php vs. perl

ok. Here’s a quick (or not so quick :)) question.

What is the difference between php and perl. No… I’m not that stupid, i understand that they are two different languages, but both have c like syntax and from what i tell, can do pretty much the same thing. I’m learning php right now, and will most likley learn perl soon, but i just wanted to know what the pros and cons of each are. Thanks :slight_smile:

Just give those both up and learn Pascal.
Someone once said Pascal will solve all the programming problems of the future

*Originally posted by Gadget470 *
**Just give those both up and learn Pascal.
Someone once said Pascal will solve all the programming problems of the future **

For the web?? - If so, it as least isn’t what’s big right now :slight_smile:
— Could someone answer my question though?

Well it isn’t as simple as that. :wink:

PHP is nearly as feature packed, and can do just about everything Perl can do. It is much simpler and easier to use, but it isn’t as capable as Perl.

I started using Perl, and well, I just really enjoy PHP much more.

*Originally posted by AJ Quick *
**Well it isn’t as simple as that. :wink:

PHP is nearly as feature packed, and can do just about everything Perl can do. It is much simpler and easier to use, but it isn’t as capible as Perl.

I started using Perl, and well, I just really enjoy PHP much more. **

could you expand on the ‘capible’ part? Do you mean that it doesn’t run code as fast or what? I must say that i find php very easy and i’ll continue to use it. Just wanted to know if i should look into perl also.

Brandon, i remember you saying that the CD header was made in perl. Could you have done the same thing in php? - If so, why in perl?

Thanks

*Originally posted by AJ Quick *
**I started using Perl, and well, I just really enjoy PHP much more. **

Ditto.

*Originally posted by Jack *
Brandon, i remember you saying that the CD header was made in perl. Could you have done the same thing in php? - If so, why in perl?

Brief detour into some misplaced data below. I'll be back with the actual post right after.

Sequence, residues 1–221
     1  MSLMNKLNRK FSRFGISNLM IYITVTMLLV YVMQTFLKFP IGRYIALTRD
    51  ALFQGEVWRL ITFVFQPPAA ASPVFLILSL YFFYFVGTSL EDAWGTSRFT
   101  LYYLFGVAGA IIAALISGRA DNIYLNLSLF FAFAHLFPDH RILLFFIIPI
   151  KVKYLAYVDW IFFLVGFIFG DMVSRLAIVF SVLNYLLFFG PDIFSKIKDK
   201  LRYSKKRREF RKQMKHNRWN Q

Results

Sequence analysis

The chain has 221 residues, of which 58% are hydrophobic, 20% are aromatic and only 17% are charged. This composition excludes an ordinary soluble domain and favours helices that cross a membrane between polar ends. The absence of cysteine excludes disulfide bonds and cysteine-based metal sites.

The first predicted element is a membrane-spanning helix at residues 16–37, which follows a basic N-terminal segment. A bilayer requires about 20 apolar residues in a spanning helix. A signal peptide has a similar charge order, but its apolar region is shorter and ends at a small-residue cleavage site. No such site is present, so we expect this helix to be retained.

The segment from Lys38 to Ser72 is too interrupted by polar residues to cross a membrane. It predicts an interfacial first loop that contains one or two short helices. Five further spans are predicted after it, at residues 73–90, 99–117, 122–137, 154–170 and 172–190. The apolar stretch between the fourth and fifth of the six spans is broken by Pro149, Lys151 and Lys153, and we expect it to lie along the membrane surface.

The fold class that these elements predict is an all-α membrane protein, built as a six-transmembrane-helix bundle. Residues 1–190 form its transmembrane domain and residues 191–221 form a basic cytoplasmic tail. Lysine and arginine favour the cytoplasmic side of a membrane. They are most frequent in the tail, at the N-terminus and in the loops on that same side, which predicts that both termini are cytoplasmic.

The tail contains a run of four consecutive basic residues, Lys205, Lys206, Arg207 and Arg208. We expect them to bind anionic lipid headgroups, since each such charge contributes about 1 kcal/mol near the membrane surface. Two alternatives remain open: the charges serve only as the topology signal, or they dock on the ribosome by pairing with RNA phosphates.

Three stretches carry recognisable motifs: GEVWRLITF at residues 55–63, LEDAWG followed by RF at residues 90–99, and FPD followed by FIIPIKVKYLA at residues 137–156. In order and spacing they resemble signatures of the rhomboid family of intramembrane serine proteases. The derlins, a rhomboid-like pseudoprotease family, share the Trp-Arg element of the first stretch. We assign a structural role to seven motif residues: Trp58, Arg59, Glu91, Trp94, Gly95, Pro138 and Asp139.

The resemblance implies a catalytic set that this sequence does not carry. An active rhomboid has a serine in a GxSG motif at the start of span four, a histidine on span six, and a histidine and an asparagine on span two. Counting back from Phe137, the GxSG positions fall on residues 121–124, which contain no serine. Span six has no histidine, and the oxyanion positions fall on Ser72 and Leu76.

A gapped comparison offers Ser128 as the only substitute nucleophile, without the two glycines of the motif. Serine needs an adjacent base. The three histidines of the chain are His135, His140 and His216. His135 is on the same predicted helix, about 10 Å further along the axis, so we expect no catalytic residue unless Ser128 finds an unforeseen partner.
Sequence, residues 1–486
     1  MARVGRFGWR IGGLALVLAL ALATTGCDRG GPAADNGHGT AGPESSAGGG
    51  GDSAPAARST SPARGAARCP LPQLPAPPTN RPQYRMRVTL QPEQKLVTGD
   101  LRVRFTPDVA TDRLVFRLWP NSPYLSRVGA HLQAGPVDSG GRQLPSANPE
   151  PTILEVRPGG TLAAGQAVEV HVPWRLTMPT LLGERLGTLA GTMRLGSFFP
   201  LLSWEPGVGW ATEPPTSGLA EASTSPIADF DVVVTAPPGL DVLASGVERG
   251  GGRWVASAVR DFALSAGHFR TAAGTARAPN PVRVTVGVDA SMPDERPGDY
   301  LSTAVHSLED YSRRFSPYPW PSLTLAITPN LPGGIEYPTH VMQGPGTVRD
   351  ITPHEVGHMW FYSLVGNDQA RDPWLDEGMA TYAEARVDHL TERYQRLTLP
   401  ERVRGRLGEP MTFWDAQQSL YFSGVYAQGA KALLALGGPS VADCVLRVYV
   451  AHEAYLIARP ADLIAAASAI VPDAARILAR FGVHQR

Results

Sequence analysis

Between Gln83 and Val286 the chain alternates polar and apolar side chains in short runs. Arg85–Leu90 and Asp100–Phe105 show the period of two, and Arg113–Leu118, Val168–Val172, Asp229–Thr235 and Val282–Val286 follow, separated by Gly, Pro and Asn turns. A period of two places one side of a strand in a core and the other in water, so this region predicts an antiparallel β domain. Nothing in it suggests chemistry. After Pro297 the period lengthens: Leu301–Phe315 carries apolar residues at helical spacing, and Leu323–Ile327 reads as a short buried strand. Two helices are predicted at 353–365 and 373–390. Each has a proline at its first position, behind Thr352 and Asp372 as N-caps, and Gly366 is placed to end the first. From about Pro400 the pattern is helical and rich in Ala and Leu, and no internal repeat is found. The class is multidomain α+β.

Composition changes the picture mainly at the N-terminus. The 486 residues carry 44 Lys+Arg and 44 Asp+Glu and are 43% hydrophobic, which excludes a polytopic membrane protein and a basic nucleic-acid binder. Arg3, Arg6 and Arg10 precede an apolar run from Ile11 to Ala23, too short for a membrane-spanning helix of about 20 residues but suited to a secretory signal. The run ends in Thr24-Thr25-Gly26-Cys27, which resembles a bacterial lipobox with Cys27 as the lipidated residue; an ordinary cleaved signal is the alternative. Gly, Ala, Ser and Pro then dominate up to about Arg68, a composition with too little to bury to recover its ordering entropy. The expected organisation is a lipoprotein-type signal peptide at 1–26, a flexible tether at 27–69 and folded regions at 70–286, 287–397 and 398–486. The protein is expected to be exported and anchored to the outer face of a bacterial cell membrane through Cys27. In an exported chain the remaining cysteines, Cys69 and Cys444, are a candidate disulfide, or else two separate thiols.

Our older server (before moving to Ventures Online) didn’t have PHP installed. They did have Perl, though, so I wrote everything in Perl (forums, header, who-am-i, white papers, etc) You are correct – you can do the same thing with PHP, and the header for the forums is in PHP. The header on the Alumni, Competition, History, and a few pages is still in Perl. One day I may change it around. Not right now though :slight_smile:

I prefer PHP over Perl, only because i use PHP all day at work, and there are a few subtle differences that would drive me crazy moving back & fourth between languages.

*Originally posted by Jack *
could you expand on the ‘capible’ part? Do you mean that it doesn’t run code as fast or what? I must say that i find php very easy and i’ll continue to use it. Just wanted to know if i should look into perl also.

Capable, not capible… :wink:

Well it is basically more down to ease of use, they both can do pretty much the same thing, it is just which one can do it in the shortest amount of space (code).

PHP does probably run faster than Perl, which is one reason why many will choose it over the other. I say don’t waste your time in Perl, unless you just can’t figure out how to do something in PHP. Also, if you are wanting to get into web programming, then it wouldn’t hurt to know more perl, but I say don’t worry about it.